This last year has come with its fair share of hardship, forcing small businesses and organizations in our community to overcome many new and unpredictable obstacles. Their resiliency through these difficult times is admirable, and the Thurston Economic Development Council (EDC) wants to highlight these amazing efforts. The Thurston EDC is awarding the Economic Courage Award to nominated local businesses and organizations, and is also putting together a summer celebration for the community called the Hootenanny. This event will be held on July 22 from 3 p.m. to 6 p.m. at the Thurston EDC Center for Business and Innovation, located at 4220 6th Avenue SE.
The Hootenanny will be a great way to celebrate a year of survival and adaptation in our local community. Holly House, event manager for the Thurston EDC, is very excited about having the chance to bring people together to celebrate. “Every year we do a formal gala, but this year it felt like we needed to let loose and boogie,” she says. The Hootenanny will likely feature delicious barbecue, local bluegrass band The Oly Mountain Boys, and fun activities such as a dunk tank, corn hole and a petting zoo. Be sure to register so you can join the fun!
In addition to good food, fun, and music, the Thurston EDC wants to capture stories of the last year from our tenacious business owners and nonprofits. “We want to celebrate the courage we all needed just to stay in business this year,” Holly shares. This prompted the Economic Courage Awards, which will be given to nominated businesses and organizations in our community that displayed economic courage and resiliency during this last year. We all know people that have adapted and gone above and beyond during these challenging times, so you are encouraged to nominate a local business or nonprofit for the award.
To kick things off, the Thurston EDC’s Executive Director Michael Cade nominated Morningside, which is a nonprofit that has been headquartered in Olympia since 1963. Their focus is helping people with disabilities find jobs and supporting them during their employment. When the pandemic hit, the individuals they serve immediately experienced a huge shift. “Working from home was not an option, transportation became limited, and options for employment interactions dwindled,” Michael says. “The leadership team of Morningside chose to develop efforts beyond their regular programs to ensure that their clients stayed connected with the world that was quickly closing to them.”
Jonathan Pleger, president and CEO, has been with Morningside for 10 years and is extremely impressed with his staff’s creativity and adaptability to continue serving their clients over the last year. Once guidelines had been established, Morningside began developing processes to serve their clients remotely. “We had a number of clients that were considered essential in janitorial or food industry roles, and we had to be able to support them,” Jonathan says. “Our IT department worked very hard to make all of that possible.”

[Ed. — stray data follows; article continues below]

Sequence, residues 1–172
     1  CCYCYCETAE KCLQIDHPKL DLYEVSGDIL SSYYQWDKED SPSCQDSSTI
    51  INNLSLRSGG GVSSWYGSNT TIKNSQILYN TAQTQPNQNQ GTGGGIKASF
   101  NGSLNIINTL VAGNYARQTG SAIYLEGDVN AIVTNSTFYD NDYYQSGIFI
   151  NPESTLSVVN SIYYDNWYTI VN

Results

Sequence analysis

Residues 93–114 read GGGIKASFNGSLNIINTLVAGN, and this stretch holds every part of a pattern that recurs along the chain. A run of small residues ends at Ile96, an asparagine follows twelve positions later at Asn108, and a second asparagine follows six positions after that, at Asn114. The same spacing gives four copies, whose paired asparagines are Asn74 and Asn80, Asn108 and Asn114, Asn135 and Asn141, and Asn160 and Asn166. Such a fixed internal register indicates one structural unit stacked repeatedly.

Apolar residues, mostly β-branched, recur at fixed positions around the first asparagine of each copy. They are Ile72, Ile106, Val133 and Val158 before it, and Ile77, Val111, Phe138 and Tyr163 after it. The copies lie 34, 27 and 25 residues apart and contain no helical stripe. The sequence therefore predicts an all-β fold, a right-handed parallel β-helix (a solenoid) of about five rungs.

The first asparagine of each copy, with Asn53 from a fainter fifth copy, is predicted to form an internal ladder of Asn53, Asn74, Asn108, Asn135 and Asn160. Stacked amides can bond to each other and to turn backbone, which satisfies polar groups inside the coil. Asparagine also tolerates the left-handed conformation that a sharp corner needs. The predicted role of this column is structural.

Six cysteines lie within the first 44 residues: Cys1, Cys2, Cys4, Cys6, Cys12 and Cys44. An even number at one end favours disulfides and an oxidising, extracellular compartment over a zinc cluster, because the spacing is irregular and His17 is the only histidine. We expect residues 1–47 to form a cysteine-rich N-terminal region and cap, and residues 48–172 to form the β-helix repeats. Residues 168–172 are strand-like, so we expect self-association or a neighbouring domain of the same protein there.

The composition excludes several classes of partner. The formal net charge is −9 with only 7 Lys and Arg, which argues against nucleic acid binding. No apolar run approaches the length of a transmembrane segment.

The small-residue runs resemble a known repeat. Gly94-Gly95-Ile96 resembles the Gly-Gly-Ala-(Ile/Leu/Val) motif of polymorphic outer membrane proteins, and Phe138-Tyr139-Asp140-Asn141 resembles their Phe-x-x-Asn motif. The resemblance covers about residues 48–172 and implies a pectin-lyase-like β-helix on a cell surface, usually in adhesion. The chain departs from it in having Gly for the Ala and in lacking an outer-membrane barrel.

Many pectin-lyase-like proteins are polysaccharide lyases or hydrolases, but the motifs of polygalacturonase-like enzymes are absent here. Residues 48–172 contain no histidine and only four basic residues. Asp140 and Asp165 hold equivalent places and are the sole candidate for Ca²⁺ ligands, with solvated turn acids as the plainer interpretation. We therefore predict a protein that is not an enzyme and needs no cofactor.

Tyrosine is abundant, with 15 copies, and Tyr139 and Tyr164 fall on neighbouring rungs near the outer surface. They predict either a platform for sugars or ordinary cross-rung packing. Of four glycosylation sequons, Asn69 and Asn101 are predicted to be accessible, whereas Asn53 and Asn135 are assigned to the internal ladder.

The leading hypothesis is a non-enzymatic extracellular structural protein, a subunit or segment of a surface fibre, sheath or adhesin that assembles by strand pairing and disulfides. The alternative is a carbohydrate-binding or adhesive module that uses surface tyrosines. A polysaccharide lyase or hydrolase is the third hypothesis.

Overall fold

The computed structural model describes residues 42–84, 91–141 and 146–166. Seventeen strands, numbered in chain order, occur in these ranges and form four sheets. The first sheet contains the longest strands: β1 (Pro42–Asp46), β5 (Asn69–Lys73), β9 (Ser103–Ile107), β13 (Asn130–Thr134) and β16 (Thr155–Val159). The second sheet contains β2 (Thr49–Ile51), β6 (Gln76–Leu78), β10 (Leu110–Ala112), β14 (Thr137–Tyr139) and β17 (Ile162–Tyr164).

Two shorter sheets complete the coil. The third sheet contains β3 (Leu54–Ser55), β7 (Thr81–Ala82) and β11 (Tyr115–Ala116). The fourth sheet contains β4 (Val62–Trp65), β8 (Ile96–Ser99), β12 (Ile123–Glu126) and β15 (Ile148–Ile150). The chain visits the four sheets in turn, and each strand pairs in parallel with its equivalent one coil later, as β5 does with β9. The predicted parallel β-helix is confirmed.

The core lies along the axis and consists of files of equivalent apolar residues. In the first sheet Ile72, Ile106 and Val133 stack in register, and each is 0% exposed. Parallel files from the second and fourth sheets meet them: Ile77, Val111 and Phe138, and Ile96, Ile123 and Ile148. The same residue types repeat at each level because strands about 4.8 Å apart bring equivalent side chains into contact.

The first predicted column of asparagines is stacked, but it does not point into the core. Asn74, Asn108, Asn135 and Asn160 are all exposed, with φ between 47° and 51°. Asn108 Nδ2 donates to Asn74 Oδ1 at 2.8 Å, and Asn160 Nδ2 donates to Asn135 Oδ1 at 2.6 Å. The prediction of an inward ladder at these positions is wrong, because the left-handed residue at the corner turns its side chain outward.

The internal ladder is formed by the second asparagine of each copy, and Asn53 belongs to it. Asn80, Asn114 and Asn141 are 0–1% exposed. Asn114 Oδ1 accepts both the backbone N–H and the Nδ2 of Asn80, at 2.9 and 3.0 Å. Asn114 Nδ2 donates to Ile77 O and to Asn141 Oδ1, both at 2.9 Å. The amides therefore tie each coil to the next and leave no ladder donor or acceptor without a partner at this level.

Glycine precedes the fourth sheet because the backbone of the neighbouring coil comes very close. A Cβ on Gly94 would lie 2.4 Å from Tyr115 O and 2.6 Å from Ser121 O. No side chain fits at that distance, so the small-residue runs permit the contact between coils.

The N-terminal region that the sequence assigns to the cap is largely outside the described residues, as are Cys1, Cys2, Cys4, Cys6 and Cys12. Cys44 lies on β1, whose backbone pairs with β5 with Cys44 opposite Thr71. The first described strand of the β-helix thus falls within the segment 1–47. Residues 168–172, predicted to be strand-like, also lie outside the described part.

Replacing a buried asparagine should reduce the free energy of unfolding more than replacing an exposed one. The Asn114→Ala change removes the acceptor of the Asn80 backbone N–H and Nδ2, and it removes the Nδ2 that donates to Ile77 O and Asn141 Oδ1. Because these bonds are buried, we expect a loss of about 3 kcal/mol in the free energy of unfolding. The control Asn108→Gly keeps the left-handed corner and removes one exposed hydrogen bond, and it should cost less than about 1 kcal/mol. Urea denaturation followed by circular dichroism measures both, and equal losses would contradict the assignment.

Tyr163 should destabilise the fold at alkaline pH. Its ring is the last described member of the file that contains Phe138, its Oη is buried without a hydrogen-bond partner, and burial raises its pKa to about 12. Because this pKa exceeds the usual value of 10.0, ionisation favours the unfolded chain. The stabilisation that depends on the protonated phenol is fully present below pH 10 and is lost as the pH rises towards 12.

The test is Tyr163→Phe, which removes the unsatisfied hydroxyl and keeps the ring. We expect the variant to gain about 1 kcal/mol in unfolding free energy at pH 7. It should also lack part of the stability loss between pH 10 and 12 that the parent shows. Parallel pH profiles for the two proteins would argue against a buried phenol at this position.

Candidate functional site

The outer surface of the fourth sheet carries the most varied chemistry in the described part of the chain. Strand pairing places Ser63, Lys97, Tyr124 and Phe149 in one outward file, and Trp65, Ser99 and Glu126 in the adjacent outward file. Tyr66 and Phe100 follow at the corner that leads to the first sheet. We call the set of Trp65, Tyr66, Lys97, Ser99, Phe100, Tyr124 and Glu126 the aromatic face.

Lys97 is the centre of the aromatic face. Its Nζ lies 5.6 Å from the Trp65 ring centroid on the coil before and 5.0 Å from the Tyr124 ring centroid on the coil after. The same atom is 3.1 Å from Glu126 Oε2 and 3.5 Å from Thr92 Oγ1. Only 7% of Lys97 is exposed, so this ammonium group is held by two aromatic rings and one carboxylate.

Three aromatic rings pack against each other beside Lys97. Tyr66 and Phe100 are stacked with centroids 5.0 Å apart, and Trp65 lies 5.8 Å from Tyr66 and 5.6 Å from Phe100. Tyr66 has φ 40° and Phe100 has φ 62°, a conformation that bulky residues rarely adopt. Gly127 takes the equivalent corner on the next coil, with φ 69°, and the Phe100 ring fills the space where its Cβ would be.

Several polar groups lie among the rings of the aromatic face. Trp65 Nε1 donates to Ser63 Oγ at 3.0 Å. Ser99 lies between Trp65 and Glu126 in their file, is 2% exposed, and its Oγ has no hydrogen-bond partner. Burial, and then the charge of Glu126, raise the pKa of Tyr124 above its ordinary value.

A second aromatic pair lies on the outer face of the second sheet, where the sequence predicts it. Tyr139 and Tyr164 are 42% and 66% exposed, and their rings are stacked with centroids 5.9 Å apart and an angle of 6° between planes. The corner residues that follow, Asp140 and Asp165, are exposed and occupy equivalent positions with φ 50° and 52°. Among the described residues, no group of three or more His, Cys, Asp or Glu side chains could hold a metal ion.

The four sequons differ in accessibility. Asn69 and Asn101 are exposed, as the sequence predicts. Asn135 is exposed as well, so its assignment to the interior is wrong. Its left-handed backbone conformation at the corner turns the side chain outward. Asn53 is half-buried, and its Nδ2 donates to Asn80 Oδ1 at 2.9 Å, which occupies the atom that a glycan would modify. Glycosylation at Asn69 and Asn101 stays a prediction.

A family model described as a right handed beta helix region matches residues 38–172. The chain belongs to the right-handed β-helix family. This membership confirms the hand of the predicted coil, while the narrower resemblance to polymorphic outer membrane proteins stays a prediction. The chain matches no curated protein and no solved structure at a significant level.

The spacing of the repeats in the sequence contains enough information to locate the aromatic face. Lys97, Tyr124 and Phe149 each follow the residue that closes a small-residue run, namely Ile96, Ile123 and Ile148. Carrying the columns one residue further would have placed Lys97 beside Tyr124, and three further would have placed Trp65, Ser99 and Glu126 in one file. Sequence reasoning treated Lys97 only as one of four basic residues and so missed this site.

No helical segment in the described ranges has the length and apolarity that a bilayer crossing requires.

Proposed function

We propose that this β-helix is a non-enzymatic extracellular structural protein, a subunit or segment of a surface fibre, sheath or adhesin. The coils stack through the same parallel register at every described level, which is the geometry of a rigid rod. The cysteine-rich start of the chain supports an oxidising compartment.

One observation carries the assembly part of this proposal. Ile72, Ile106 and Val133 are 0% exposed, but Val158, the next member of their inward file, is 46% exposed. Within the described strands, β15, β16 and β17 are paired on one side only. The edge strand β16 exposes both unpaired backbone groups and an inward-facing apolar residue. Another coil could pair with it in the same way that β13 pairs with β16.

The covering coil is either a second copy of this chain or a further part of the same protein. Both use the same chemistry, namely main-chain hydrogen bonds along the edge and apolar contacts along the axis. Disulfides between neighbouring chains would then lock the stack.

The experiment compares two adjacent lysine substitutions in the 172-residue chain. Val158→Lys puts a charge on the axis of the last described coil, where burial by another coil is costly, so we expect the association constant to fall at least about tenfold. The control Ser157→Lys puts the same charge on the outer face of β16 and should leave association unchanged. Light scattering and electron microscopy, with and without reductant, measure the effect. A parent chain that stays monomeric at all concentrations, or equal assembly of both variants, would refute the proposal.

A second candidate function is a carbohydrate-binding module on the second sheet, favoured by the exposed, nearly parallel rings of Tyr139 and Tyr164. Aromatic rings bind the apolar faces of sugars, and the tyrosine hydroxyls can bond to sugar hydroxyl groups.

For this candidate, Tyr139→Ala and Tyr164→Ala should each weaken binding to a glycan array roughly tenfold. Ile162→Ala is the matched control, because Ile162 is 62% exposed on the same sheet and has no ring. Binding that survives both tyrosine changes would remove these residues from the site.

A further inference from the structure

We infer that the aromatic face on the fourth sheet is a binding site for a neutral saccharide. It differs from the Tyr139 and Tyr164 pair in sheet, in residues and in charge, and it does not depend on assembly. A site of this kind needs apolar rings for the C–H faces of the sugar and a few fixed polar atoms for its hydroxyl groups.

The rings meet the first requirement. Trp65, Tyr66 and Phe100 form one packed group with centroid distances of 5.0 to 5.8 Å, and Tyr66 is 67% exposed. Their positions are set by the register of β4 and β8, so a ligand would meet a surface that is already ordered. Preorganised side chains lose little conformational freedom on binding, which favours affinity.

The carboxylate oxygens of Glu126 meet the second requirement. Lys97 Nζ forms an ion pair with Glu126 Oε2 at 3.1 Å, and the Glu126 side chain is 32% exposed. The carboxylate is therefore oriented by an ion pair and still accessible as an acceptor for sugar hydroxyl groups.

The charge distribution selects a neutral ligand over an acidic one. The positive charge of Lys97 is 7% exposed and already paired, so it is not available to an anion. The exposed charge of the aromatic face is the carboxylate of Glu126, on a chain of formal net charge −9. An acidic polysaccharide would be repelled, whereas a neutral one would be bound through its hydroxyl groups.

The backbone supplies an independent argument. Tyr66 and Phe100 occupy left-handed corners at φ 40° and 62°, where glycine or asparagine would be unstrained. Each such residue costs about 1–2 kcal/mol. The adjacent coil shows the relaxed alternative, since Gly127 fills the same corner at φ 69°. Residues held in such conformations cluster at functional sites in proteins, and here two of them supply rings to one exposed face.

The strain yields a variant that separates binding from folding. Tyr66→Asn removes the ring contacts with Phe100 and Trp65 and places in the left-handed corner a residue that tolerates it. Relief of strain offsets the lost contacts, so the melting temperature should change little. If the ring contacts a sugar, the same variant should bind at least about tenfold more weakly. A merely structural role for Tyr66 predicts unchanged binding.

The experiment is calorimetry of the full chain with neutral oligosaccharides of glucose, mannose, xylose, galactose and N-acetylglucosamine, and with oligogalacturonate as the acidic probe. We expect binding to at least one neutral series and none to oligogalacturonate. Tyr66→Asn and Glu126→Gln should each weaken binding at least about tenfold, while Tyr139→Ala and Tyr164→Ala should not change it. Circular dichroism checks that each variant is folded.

Individuals with disabilities are already overcoming great adversity to gain employment and stay active in the community. “Individuals with disabilities saw overnight their vulnerabilities exposed at a greater extent and a disproportionate impact,” Michael says. When the pandemic hit, some lost their jobs or were kept in lockdown because they lived in adult family homes with people that were more susceptible to COVID-19. Someone may already be feeling isolated due to a disability, so being unable to leave the house to even go to work made this even more difficult. To help counteract this, Morningside job coaches remotely conducted regular check-ins and coached clients on ways to stay healthy both physically and mentally while unemployed.
Morningside, like many businesses and organizations, faced difficult challenges in order to continue to serve the community. “I think we have become more efficient as a result of this,” Jonathan shares. “There are people counting on us, so we figured out how to adapt and expand to continue to help them.” One of the most noteworthy additions in the last year is the development of the preemployment transition services, which helps high school students gain skills and locate opportunities for their desired career. “The Division of Vocational Rehabilitation (DVR) has been a good partner and supported us,” Jonathan shares. “A lot of students were slipping through the cracks, so DVR was anxious to get this program out for them.”
Despite the strides and adaptations Morningside has made during this time, they are eager to return to in-person services once it is safe to do so. “This really reinforced the person-to-person necessity,” Jonathan says. “We will still use Zoom and Microsoft Teams to do quick check-ins with clients that might not need as much support, but as soon as things open up, we will gradually return to more in-person services.” Morningside’s staff, leadership, and clients have all displayed exceptional resilience and adaptability during this last year, which is why they have been nominated to be one of the Economic Courage Award recipients at the Hootenanny.
The combined efforts of our community are truly commendable, and the Thurston EDC is proud of the businesses and organizations that have risen to the challenge and overcome. “We also recognize the businesses that didn’t make it,” Holly says. “Like a phoenix rising from the ashes, people that created businesses once will do it again, and we will be here to help.” The Thurston EDC would greatly appreciate your support to celebrate this resiliency, and they look forward to seeing you at the upcoming Hootenanny to present more Economic Courage Awards.